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Advocates are calling on the next governor to focus on environmental justice

People fish
People fish along the Chesapeake Bay. (Photo: Crixell Matthews/VPM News)

Virginia’s next governor will have a range of commitments and goals to meet on clean energy, water quality and more.

Among those is a long-standing commitment to clean up pollution that makes its way into the Chesapeake Bay from the Old Dominion. By a 2025 deadline, set by member states including Maryland and Virginia and enforced by the Environmental Protection Agency, Virginia must implement all of the programs needed to do that. The next governor will be in office until 2026.

Peggy Sanner of the non-profit Chesapeake Bay Foundation’s Virginia branch says the state has many of the needed programs in place — which makes for an enormous opportunity for the next executive.

“An opportunity to do something that would of course create some bragging rights, but more meaningfully create a real legacy for the next governor,” Sanner said.

Sanner says the current state budget surplus, along with money from the American Rescue Plan, gives the next governor a chance to bring Virginia across the finish line — protecting the Bay’s environmental, cultural and economic benefits.

Recently, Virginia lawmakers added a definition of ‘environmental justice’ to state law. However, advocates like Gustavo Angeles want to see “action, not words,” especially when it comes to permitting decisions from the Department of Environmental Quality.

Angeles, who directs the environmental justice program at Sierra Club Virginia, spends much of his time working with people who could be impacted by projects with potential to pollute.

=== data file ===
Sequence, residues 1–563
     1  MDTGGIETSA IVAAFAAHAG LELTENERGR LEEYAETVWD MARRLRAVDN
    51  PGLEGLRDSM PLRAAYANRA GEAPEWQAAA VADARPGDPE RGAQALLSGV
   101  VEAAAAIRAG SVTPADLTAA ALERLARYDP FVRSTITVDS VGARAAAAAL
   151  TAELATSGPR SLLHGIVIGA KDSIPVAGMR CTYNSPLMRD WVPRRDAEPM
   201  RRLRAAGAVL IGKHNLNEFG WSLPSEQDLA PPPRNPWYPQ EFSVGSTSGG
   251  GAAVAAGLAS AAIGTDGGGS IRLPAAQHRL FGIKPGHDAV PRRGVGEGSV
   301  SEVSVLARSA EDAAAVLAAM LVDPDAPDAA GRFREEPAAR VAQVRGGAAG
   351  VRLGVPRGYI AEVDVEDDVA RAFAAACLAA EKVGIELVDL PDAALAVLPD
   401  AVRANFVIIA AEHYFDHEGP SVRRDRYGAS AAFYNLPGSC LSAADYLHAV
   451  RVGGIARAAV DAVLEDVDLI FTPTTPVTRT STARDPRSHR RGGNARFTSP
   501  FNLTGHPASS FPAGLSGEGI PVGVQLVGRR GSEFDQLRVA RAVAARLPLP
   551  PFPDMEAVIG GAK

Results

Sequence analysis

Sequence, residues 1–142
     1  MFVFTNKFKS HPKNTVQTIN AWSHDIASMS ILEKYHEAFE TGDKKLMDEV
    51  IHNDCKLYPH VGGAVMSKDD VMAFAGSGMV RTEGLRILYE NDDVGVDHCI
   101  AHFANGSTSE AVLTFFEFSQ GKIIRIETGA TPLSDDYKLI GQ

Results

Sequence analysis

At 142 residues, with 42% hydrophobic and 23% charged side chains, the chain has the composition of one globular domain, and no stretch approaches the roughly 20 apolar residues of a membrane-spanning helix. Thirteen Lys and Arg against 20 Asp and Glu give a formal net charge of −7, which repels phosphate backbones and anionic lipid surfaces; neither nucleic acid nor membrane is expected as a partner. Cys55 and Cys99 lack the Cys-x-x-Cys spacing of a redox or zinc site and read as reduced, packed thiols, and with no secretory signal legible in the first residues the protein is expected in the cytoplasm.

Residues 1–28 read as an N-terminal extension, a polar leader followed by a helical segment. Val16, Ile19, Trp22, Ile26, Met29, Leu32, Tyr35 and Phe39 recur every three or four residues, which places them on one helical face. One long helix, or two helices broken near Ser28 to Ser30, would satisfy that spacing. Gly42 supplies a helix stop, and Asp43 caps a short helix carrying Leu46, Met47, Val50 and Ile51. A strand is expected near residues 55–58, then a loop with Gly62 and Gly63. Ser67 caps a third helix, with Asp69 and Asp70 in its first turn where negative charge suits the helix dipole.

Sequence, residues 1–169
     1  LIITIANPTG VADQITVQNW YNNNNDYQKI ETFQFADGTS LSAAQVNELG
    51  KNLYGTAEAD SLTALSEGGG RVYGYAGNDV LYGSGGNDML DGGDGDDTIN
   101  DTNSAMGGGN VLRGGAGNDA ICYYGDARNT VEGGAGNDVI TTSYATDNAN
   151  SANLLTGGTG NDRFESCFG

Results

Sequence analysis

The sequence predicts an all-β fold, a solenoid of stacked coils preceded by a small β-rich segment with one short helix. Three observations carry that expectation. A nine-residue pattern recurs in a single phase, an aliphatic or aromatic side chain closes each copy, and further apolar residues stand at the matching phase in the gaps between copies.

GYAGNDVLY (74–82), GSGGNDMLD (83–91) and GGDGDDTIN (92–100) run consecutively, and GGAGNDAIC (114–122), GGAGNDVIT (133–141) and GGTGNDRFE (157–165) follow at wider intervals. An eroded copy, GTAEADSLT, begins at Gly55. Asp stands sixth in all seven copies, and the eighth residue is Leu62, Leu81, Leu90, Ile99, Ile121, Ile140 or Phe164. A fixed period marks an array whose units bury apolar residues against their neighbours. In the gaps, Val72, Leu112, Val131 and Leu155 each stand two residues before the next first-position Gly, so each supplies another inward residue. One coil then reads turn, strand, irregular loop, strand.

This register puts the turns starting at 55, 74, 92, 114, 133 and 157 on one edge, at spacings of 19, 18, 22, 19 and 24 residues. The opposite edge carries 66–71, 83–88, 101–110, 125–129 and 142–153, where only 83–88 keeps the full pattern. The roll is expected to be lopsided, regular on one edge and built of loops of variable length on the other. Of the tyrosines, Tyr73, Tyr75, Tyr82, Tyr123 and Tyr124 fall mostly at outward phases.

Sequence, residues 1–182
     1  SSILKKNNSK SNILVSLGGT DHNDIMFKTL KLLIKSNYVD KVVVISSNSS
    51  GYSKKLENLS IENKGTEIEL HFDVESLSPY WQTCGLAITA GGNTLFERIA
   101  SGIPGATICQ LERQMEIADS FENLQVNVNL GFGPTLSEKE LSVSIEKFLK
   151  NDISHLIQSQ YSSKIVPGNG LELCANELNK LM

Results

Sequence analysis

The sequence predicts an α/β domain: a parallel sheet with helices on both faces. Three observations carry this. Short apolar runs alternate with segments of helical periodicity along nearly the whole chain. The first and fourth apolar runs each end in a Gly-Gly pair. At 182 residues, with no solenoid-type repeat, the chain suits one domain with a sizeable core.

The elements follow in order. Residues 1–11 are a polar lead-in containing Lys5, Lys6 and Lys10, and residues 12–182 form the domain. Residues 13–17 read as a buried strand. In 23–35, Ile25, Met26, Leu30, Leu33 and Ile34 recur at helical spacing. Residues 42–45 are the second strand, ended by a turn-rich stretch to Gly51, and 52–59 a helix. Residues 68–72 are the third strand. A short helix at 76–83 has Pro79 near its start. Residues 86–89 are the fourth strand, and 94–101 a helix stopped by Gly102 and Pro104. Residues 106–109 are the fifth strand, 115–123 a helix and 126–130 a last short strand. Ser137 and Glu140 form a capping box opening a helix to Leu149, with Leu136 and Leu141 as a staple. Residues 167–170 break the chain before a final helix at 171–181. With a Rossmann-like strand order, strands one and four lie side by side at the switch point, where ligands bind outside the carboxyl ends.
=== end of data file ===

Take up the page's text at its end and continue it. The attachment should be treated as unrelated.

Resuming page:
He said that might sound like this: “‘Hey, they’re gonna put a gas power plant nearby your house, do you know about it?’ ‘No, we didn’t.’ ‘Okay, well, how do you feel?’”

Angeles says the permitting process is far more accessible to developers and companies than it is to concerned residents. Specifically, he feels a clause requiring “meaningful involvement” of every impacted person throughout the “full cycle” of decision-making is not being upheld.

Angeles hopes the next governor takes that involvement more seriously; they’ll have the power to appoint DEQ’s next director. DEQ’s current director has been in the role since 2006.

Sanner says making the bureaucracy work better for citizens won’t be easy.

“It’s what I imagine it’d be like trying to change the direction of an aircraft carrier,” she said.

Campaigns for Republican Glenn Youngkin, Democrat Terry McAuliffe and Liberation Party candidate Princess Blanding did not answer questions on bay protections and environmental justice, though McAuliffe’s campaign did highlight commitments to a just energy transition. McAuliffe’s campaign website also contains a fairly detailed climate plan that commits to ending Virginia’s dependence on fossil fuels 10 years ahead of the schedule currently required by state law.

Youngkin has criticized the state’s plan to phase in clean energy, saying it would raise electric bills, but hasn’t elaborated on climate change policy.

Blanding’s environmental platform is focused on justice. She proposes requiring studies on Indigenous sovereignty and racial impact before approving environmental projects.

Patrick Larsen is VPM News' environment and energy reporter, and fill-in host.